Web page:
His next major book, Leading Minds (Basic Books, 1995), represented a departure for Gardner. The book barely references the idea of multiple intelligences. Instead, it portrays well-known leaders as creative changers of minds, using 11 figures — including Margaret Mead, Margaret Thatcher, Alfred Sloan, and Mahatma Gandhi again — to substantiate the point. For example, Sloan influenced the senior managers at General Motors by deliberately demonstrating the qualities he wanted them to have. “His participation in groups,” wrote Gardner, “modeled the kinds of considerations that he deemed important and the model of converging on a decision that he favored.”
In some ways, GM in the Sloan years (1923–56) modeled the kind of professionalism that Gardner went on to call “good work.” He quoted Alfred Sloan in Leading Minds: “We have done a very creditable job for the shareholders, without neglecting our responsibilities to our employees, customers, dealers, suppliers, and the community.” Gardner then added that Sloan was one businessperson whose record could justify such claims, and concluded: “As Americans, [Sloan] was saying, we belong to a society that believes in and fosters business — business where…prosperity for the company can go hand-in-hand with prosperity for the nation as a whole.”
In 2001, Gardner, Csikszentmihalyi, and Damon published their first findings from the GoodWork Project, Good Work: When Excellence and Ethics Meet. Then in 2006, as if in reaction to the lack of response to that work, Gardner published Changing Minds, his study of the ways that people can effectively influence others. Once again using biographies, this time including those of Nelson Mandela, Tony Blair, Bill Clinton, and George W. Bush, Gardner posited that any deep and permanent adjustment in other people’s thinking could be achieved only by orchestration of several factors in concert. They include reason, research, rewards, “re-descriptions” (which interpret the facts differently), and the orchestration of real-world events. In effect, he laid out multiple simultaneous pathways for the effective influencer: If you don’t consciously act on several dimensions at once, combining persuasion, the example of your own behavior, and organizational incentives, you will not be able to sway the course of other individuals, let alone larger institutions. And as one small part of Changing Minds made clear, he was thinking about his own organization, Harvard University, in particular.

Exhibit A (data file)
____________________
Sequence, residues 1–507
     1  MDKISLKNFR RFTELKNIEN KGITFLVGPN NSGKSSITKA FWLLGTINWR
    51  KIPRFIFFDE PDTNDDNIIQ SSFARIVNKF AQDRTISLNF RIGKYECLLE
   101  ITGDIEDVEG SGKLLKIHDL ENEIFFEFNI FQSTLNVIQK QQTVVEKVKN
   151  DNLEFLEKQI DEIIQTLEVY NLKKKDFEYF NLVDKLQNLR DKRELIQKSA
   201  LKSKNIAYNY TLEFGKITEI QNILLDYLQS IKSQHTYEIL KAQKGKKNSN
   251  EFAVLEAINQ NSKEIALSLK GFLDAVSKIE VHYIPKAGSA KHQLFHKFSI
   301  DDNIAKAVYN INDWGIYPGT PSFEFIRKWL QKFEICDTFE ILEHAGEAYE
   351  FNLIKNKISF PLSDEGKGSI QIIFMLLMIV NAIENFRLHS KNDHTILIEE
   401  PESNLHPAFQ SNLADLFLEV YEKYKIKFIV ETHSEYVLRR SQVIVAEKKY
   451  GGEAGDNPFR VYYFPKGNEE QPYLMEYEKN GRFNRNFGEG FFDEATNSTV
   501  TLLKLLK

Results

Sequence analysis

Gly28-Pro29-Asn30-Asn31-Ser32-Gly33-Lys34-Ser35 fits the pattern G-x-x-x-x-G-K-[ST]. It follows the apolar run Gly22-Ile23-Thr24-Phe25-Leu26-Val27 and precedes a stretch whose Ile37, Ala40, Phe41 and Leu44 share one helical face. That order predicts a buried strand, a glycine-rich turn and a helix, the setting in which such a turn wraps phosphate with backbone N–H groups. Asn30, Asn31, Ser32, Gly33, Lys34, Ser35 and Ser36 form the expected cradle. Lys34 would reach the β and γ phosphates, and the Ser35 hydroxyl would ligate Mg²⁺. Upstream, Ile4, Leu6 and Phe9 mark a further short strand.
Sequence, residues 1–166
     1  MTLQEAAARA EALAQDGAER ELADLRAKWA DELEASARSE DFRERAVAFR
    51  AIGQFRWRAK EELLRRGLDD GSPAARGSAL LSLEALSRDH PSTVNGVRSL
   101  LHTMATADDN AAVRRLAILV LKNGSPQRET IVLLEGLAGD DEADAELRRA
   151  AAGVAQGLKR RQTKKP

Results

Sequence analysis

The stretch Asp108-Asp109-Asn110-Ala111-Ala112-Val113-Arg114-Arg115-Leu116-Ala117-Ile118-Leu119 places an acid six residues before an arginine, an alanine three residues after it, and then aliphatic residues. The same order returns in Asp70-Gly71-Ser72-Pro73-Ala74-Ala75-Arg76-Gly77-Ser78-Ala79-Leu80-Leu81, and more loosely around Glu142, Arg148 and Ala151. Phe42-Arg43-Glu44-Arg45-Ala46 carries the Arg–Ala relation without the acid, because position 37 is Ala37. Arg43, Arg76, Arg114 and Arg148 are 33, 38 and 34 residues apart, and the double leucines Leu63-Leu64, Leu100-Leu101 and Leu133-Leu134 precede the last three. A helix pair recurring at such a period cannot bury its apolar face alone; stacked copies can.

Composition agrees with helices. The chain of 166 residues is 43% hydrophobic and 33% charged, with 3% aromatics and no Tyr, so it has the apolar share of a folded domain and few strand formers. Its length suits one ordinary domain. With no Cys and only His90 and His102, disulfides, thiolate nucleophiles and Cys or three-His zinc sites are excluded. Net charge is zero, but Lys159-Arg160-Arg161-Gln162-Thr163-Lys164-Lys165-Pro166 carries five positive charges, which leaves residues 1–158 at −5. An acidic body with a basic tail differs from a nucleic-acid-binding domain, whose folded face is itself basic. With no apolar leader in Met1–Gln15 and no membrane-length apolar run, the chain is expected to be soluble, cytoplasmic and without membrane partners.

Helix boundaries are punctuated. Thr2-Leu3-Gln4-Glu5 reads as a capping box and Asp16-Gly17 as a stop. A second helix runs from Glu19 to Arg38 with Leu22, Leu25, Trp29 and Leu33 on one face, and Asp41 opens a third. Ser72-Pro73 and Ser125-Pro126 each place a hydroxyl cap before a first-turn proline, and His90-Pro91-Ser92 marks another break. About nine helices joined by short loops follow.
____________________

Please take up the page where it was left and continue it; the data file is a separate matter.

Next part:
In 2006, Howard Gardner’s love of Harvard and his concepts of effective leadership were both put to the test by the troubled university presidency of Lawrence H. Summers. Though he was one of the few Harvard faculty members who knew Summers personally before his appointment, Gardner also became the first to say publicly that the appointment had been a mistake. He says he found himself in conflict between his own respectful mind, which said that one owes loyalty to a president, and his ethical mind, which said that one has a responsibility to the institution.
“I had known Larry Summers better than probably 95 percent of the faculty,” Gardner says. When Summers became embroiled in public controversies — including his clash with Cornel West, the prominent African-American studies professor, and his famous 2005 speech questioning whether women had the innate ability to compete in science — Gardner says he “became convinced [Summers’s appointment] was a mistake and that he shouldn’t be president. But I probably wouldn’t have said anything if I hadn’t read Robert Rubin saying he hadn’t heard any faculty speaking against him,” referring to the Harvard board member and former secretary of the U.S. treasury. “For two months I didn’t sleep. So I became publicly critical and privately I asked him to resign. I did this with no glee at all.”